The diverse beauty of St. Croix, St. John and St. Thomas gives visitors the opportunity to create their own idea of paradise. One of the Caribbean’s most popular destinations, this trio of islands boasts white sand beaches, plentiful water sports, fine dining, upscale shopping and a wide variety of accommodations to suit any taste — from oceanfront resorts to small B&Bs, luxury villas to campgrounds.
Cultural St. Croix
The largest of these islands at 84 square miles, St. Croix (pronounced CROY) features a varied terrain from dry cactus-studded hills out east to lush tropical forests in the west. The island lies entirely in the Caribbean Sea.
It is this island’s distinct history and cultural heritage that set it apart from other Caribbean islands. St. Croix is rich in diverse history that remains alive in the architecture, national parks, historic landmarks, botanical attractions, food, music and traditions that are an integral part of island life.
St. Croix has two picturesque 18th-century waterfront towns with wide open spaces in between. In Christiansted, explore Danish Fort Christiansvaern within the National Park Service Historic Site and walk a block to speciality shops and fine restaurants. Quieter Frederiksted at the west end boasts another fort, this one near a historic park facing the Caribbean Museum Center, a gallery for regional artworks and photographs.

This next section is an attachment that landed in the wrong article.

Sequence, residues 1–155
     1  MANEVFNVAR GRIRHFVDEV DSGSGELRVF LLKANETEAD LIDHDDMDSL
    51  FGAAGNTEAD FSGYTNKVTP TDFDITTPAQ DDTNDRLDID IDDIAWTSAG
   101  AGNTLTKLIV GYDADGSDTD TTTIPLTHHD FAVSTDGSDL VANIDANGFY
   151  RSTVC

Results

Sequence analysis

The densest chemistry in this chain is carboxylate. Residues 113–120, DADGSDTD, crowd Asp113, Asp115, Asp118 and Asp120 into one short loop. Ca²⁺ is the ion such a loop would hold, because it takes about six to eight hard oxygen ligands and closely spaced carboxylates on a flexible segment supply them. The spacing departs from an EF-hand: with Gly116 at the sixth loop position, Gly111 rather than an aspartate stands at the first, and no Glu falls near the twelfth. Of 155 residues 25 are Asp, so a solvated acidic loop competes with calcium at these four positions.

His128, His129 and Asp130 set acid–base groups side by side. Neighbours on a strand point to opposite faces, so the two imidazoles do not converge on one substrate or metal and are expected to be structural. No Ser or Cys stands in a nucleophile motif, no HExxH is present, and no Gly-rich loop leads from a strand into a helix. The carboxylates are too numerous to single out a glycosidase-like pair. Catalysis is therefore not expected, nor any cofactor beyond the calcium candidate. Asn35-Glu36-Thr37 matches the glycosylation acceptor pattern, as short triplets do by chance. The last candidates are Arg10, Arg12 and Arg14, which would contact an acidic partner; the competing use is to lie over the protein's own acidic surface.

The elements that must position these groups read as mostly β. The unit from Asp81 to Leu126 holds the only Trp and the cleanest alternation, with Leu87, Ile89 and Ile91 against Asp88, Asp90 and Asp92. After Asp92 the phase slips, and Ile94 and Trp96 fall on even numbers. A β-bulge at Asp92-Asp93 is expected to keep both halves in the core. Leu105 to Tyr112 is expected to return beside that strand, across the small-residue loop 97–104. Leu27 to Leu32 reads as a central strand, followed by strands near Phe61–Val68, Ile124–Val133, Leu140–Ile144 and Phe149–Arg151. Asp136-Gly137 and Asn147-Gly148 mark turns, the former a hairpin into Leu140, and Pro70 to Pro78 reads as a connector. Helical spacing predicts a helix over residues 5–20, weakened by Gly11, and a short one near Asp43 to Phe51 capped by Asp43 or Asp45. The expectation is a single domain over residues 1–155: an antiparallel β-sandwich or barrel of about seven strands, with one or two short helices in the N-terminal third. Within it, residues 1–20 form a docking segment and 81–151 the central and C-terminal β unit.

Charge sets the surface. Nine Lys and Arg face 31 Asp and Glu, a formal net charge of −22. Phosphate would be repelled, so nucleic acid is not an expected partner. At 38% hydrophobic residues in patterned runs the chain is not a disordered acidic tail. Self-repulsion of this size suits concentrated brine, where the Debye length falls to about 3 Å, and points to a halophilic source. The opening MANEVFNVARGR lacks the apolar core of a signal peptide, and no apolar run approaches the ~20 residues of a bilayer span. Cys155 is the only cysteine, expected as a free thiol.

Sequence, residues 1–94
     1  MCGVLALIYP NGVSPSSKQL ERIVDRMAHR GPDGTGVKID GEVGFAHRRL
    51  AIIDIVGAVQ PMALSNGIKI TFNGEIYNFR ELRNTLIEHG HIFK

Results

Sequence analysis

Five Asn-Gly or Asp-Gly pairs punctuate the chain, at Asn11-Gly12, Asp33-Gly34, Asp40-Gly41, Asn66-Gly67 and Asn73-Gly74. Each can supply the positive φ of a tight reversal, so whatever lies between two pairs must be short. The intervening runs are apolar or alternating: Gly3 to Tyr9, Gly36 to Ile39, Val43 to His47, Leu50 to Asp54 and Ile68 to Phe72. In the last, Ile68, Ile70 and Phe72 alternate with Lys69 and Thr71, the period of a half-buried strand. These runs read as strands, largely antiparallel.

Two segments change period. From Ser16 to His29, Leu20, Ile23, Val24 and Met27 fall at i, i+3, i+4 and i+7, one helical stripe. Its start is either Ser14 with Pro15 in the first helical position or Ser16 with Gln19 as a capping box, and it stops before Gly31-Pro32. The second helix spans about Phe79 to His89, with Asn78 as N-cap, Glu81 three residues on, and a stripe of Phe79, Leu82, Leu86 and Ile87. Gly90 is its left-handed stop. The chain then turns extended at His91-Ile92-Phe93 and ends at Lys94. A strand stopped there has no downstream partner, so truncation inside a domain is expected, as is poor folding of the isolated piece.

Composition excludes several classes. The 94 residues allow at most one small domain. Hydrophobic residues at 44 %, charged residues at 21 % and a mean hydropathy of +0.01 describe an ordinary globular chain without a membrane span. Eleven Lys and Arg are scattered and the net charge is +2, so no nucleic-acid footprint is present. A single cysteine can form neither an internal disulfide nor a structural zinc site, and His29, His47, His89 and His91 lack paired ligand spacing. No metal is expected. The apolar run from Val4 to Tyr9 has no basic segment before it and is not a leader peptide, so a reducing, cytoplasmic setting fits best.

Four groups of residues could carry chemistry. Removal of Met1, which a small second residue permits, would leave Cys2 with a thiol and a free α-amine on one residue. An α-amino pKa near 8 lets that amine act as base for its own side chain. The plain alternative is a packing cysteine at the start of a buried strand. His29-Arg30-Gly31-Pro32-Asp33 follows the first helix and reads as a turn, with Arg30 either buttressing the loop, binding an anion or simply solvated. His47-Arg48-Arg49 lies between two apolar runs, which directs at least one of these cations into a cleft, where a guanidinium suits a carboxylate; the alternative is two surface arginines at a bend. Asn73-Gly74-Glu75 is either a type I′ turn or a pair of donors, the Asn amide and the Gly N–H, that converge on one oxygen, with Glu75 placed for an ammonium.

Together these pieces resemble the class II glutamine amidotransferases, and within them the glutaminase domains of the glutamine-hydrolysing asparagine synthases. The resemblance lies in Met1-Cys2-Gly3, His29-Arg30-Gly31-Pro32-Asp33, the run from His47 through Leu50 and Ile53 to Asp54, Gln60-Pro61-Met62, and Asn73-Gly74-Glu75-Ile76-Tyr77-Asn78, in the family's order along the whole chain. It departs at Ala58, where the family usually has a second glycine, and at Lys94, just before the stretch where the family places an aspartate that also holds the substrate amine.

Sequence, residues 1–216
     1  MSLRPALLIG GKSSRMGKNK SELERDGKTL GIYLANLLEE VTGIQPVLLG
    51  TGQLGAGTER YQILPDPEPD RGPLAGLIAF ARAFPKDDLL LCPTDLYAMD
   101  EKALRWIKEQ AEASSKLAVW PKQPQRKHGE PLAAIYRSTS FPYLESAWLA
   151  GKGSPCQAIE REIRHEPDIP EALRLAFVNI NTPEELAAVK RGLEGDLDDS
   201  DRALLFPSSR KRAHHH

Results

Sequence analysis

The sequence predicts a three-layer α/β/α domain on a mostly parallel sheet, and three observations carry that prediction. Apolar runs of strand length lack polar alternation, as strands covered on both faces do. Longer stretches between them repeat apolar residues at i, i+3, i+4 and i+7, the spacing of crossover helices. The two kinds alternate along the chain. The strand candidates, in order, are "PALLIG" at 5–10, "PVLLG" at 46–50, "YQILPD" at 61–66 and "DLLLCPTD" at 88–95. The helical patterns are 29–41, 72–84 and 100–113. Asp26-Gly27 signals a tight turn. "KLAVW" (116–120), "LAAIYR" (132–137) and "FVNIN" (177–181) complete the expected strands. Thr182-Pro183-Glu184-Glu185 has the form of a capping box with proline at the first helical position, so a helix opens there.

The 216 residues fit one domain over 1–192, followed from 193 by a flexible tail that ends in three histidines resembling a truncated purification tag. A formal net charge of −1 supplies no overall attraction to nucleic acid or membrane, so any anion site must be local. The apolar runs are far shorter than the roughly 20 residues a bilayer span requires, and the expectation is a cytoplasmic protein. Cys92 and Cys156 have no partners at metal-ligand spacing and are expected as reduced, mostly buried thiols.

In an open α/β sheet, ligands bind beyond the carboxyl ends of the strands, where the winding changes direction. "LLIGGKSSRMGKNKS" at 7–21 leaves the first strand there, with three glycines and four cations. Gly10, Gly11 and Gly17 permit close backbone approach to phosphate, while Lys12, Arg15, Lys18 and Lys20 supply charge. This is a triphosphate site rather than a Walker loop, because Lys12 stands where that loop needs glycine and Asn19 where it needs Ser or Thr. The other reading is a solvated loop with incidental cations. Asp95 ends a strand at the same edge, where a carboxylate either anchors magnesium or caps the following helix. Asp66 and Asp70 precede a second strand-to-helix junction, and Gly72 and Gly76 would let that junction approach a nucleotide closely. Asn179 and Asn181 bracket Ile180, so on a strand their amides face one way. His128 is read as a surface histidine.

Cosmopolitan St. Thomas
St. Thomas combines the natural beauty of the islands with an energetic, cosmopolitan atmosphere. Charlotte Amalie, (pronounced a-MALL-ya) the capital of the United States Virgin Islands, is one of the most visited ports in the Caribbean and boasts one of the most beautiful harbours in the world.
The city’s reputation as the shopping mecca of the Caribbean attracts visitors from around the world who are drawn to its elegant dining, exciting nightlife and international, duty-free shopping. Trade is a St. Thomas speciality dating back to 18th-century pirate days. Tempting treasures practically spill out of Danish-era waterfront warehouses – imported perfumes, cameras, watches, fine porcelain and crystal.
Natural St. John
St. John, the smallest of the three U.S. Virgin Islands, retains a tranquil, unspoiled beauty uncommon in the Caribbean or anywhere else in the world. Settled in the early 1700’s by Danish immigrants attracted to the island’s potential as a sugar cane producing colony, St. John soon blossomed into a thriving economy.
In 1956, Laurence Rockefeller was so moved by the island that he bought and donated broad expanses of land to the National Park Service to keep St. John “a thing of joy forever.” The National Park Service added even more federally owned submerged acres in 2001 to create the underwater Virgin Islands Coral Reef National Monument.
Cruz Bay, on the island’s western edge, is the main town where car and passenger ferries dock; the island has no airport but St. Thomas is only 20 minutes away by ferry.